Notism heralds the Beauty of Memory. It is primitive and symbolic of inevitable loss but helps us value the personal connection of communicating through hand-written notes, exalting the power of private thoughts. It manifests a unique method for storing memories, through multi-faceted, richly complex surfaces, grounded by semiotics and text, that bring layers of nostalgia to life before one’s eyes.
Notism’s hieroglyphic scrawls document the style, texture, and primal exuberance of our precious memories recorded on paper. Once harnessed, Ron’s relentless notes explode with energy, honoring the beauty found amid chaos. Abstract symbols collide in searing layers of paint and passion, startling in their power to transform language into emotional energy.
Capturing the inherent power and abstract language of calligraphy, his work is an antidote to society’s multi-tasking conflicts. This strikingly original art form is impressionistic from a distance yet yields endless fruits of fascinating discovery when viewed up close.
Burkhardt’s Notism work draws on early Mesopotamia cave paintings and is an attempt to preserve the elusive memory fragments of our fast-fleeting lives. It fuses frantic scrawls with organic gesture; a free-spirited conglomeration of obsessive design, linear rhythms and high-voltage colors moving in all directions.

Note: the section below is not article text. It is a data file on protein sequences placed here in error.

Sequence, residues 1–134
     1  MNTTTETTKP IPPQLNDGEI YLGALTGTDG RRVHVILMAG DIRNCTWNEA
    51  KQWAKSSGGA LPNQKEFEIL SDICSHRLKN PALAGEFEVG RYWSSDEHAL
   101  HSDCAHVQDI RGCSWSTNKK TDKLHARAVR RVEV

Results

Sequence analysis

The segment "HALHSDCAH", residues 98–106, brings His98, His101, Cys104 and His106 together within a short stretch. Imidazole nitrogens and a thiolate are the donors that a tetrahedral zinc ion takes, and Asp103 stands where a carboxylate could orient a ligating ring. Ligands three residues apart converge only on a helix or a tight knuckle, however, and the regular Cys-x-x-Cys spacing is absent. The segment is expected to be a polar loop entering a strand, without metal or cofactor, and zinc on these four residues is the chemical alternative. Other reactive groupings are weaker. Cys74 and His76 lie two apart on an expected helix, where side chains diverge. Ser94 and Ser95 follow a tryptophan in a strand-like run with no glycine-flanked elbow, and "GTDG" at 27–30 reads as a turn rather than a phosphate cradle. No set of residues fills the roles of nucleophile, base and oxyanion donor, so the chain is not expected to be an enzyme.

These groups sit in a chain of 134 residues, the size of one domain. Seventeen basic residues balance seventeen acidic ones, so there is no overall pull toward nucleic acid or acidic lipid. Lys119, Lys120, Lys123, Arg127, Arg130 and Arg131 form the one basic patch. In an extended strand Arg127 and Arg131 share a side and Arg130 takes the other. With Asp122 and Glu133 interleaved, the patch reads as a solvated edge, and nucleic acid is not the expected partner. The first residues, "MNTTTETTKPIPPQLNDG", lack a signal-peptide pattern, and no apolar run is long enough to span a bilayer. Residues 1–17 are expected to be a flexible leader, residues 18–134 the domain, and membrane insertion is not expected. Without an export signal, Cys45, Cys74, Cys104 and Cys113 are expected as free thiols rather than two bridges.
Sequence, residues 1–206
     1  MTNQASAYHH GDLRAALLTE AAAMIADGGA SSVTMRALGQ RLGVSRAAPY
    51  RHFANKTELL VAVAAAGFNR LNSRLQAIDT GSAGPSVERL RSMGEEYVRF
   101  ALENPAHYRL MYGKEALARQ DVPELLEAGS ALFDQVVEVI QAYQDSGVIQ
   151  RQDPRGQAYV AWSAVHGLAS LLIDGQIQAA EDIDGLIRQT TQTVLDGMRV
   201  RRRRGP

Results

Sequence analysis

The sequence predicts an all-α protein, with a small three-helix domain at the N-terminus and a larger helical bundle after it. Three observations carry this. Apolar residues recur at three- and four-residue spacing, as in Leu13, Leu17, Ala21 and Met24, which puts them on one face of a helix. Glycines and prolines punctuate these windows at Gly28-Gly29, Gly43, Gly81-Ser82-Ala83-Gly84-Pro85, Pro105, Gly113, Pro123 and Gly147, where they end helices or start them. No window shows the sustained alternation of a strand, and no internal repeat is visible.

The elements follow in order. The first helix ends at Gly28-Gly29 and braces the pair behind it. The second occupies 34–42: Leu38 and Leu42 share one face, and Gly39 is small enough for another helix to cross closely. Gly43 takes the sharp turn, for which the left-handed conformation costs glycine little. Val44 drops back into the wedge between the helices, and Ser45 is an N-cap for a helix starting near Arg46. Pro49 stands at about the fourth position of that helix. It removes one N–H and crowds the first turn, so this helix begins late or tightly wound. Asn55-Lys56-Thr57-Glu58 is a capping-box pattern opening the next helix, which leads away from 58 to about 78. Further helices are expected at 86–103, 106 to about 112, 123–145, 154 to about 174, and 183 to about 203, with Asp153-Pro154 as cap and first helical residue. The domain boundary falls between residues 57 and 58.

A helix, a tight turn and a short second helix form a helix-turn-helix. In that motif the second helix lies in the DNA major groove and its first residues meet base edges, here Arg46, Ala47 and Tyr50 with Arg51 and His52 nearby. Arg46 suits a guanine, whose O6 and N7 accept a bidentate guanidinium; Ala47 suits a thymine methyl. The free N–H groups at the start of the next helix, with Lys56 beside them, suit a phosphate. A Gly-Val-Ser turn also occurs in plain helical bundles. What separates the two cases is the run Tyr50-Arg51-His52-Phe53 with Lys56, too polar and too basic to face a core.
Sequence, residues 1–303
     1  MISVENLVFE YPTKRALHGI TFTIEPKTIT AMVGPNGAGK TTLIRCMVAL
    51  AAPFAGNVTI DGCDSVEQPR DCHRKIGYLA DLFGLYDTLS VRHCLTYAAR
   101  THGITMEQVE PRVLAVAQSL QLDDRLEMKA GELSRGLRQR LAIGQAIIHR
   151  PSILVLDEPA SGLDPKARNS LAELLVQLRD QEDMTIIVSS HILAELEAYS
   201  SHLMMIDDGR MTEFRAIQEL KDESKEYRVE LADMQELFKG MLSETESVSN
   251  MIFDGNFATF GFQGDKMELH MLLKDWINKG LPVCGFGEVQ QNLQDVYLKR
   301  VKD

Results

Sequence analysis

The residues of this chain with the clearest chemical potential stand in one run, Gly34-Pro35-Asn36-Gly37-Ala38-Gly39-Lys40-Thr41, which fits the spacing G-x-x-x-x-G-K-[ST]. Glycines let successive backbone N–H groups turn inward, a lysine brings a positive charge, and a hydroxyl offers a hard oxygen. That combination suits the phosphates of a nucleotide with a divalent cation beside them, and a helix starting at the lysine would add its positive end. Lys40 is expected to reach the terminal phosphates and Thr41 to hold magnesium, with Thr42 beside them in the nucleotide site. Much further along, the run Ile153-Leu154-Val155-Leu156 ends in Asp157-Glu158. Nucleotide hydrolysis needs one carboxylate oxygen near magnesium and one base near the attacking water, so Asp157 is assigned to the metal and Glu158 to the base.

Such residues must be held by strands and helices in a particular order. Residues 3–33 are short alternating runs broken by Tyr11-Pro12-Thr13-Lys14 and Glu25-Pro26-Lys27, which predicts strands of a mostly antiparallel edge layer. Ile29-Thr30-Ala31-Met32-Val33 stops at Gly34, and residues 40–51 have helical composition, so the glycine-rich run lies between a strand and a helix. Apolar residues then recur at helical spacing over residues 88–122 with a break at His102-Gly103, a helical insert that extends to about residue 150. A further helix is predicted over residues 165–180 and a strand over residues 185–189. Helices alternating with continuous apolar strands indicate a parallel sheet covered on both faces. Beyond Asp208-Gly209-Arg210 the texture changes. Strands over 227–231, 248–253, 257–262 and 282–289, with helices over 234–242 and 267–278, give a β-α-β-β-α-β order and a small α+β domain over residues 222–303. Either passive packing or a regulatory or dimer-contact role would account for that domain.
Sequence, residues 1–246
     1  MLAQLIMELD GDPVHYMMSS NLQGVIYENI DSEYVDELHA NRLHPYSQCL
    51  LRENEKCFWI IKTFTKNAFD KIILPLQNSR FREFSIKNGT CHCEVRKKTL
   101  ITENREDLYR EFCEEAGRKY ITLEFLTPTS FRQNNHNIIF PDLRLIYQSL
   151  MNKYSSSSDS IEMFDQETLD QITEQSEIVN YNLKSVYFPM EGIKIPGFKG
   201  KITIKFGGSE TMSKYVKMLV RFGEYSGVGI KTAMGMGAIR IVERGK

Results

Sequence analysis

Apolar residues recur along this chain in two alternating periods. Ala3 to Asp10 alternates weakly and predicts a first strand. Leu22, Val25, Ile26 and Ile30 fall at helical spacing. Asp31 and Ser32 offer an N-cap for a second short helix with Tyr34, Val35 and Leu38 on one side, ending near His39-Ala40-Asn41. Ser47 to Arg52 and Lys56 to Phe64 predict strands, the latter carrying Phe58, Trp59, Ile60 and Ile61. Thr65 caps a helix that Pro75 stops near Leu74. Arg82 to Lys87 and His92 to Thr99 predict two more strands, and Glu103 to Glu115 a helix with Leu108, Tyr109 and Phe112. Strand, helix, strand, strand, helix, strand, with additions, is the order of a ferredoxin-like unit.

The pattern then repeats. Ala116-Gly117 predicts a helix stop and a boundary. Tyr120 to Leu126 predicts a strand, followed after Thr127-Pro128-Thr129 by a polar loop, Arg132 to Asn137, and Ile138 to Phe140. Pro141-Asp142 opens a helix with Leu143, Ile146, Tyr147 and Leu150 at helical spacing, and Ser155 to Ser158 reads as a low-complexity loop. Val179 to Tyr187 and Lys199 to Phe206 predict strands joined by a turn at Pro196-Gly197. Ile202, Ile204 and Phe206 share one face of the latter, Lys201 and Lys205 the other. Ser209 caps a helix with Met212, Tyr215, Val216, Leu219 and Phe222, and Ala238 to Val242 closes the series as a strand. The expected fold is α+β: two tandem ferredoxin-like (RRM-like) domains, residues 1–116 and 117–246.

Working in his idiosyncratic system of “notes as substrate” for decades, Burkhardt’s art is both primitive and evolved. The spontaneous, high-voltage images are a testament to the complexity and speed of modern urban life, with the disparate impacts on one’s soul.
Earth Art: Nature’s Ground Breaking Palette
It was in 2009 that Ron created his second significant genre: Earth Art paintings. Forged out of nature’s own materials and organic textures, it was a startling counterpoint to Notism, though it shared a common bond with his obsession for bold, soothing colors and high-intensity abstractions.
Ron’s Earth Art takes us back to life’s most basic foundations. Rooted in earth’s gritty reality, this dramatic art form reveals intriguing depths and layers of color substrates. Heralding the complexity, beauty and power of our planet, these canvases fuse acrylic and enamel paint, rain water, indigenous soil, and intense sun over a period of weeks to create otherworldly shapes, dimensions, and color forms.
From Ron’s Artist’s Statement: “Working with earth, paint and water on unprimed canvases is a rugged discipline that instills newfound respect for the planet’s elements. I have to travel to find intense heat and a lawn or desert floor to work on. After soaking a canvas in water, I work with my hands, flinging acrylic and enamel paint in all directions. Then I seek out random, emerging designs and cover them with mounds of indigenous soil, pebbles, even leaves, add more water, and let the paint leach through.